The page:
“Supporting greater involvement between non-governmental actors, such as business confederations, chambers of commerce and business associations in specific relevant sectors,” and “working together to promote the economic security of the two countries and that of our partners, including through a joint effort to strengthen energy security and promote the resilience and diversity of supply chains for critical goods and materials,” are other points provided for in this agreement.

The document also presents a part about British residents in Portugal and Portuguese in the United Kingdom, underlining “the strong ties that unite the two peoples”.

“First and foremost, through the significant communities of our diasporas, but also encompassing joint research projects, close links in higher education, business links and significant tourism flows. The exchange of people and ideas is at the heart of our partnership and should be valued and supported,” it added.

António Costa said that Portugal and the United Kingdom had signed a joint declaration on bilateral cooperation that is the broadest in terms of sectors covered of all the European Union’s member states.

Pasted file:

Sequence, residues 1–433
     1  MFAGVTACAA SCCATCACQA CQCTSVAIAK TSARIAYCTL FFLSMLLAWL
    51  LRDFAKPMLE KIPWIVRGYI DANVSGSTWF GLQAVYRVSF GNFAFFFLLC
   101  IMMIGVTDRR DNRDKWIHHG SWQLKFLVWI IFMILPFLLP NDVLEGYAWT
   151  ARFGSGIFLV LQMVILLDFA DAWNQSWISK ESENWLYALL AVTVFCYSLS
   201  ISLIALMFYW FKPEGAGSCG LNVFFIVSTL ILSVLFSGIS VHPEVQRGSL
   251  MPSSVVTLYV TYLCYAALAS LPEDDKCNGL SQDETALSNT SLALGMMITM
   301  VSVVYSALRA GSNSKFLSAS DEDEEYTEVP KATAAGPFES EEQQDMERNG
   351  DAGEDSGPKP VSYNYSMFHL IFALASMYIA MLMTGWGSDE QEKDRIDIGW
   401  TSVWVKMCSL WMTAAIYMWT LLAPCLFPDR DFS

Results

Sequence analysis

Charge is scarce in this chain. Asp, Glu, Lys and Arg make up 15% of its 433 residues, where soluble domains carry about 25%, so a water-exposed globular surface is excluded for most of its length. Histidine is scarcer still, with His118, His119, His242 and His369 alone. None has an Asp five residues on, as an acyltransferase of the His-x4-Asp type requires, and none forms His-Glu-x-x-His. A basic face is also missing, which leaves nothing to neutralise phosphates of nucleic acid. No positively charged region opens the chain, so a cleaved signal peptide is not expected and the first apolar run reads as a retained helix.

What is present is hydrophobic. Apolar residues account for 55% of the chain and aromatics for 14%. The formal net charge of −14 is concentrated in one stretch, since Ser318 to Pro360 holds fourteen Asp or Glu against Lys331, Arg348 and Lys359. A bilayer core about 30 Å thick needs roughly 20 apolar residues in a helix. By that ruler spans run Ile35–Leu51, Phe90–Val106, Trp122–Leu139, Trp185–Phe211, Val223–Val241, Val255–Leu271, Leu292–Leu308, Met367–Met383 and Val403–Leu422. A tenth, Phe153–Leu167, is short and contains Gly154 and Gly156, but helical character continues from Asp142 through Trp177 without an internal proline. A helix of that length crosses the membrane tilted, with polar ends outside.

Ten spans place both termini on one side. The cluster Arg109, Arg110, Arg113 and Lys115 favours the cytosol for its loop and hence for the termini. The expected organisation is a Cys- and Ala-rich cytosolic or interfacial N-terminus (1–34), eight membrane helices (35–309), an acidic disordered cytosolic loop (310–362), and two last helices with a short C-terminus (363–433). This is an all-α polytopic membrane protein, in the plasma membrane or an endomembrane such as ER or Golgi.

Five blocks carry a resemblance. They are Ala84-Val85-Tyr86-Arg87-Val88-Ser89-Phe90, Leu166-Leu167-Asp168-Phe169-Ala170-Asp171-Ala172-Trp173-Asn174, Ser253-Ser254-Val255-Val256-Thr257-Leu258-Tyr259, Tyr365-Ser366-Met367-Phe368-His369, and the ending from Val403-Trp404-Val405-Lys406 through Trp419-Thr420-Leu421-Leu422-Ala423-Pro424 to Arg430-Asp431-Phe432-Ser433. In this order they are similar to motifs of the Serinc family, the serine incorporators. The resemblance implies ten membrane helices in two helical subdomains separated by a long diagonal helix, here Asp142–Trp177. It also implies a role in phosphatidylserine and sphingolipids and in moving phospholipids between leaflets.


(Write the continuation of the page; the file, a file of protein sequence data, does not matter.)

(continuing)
António Costa took this position after being received by the British prime minister, Boris Johnson, at number 10 Downing Street, in London, a meeting which lasted about 45 minutes and which was also attended by Portugal’s minister of foreign affairs, João Gomes Cravinho.

“This joint declaration will be key to relaunching the oldest alliance that exists globally after Brexit. It was among the first that member states signed and it is perhaps the one that covers the most topics, from the areas of defence, research, through investment, trade, to technologies, digital transition and renewable energies,” the leader of the Portuguese executive told journalists.

Portugal’s prime minister also stressed that he was “separating the waters” between bilateral relations with the UK and the post-Brexit differences between London and Brussels over Northern Ireland, in which he supports the European Union.

Asked at the exit of a meeting with British counterpart Boris Johnson at the official residence in Downing Street about tensions between the European Union (EU) and the UK, Costa said he had conveyed the Portuguese position.

“We have parted the waters. The negotiation between the EU and the UK is led by the Commission, and we give the Commission our full support.

The British government has no doubts about this,” he told reporters.

However, he argued that “within the scope of the agreements and disagreements within the EU, there is room to develop the bilateral relationship”.

The prime minister said that Portugal “cannot waste” the old Luso-British alliance, the oldest in the world, to “put itself in a position to be able to monetise that”.

“We focus on what has to do with bilateral relations, which, regardless of conflicts and convergences between the United Kingdom and the EU, can be established in a bilateral way between Portugal and the United Kingdom,” he stressed.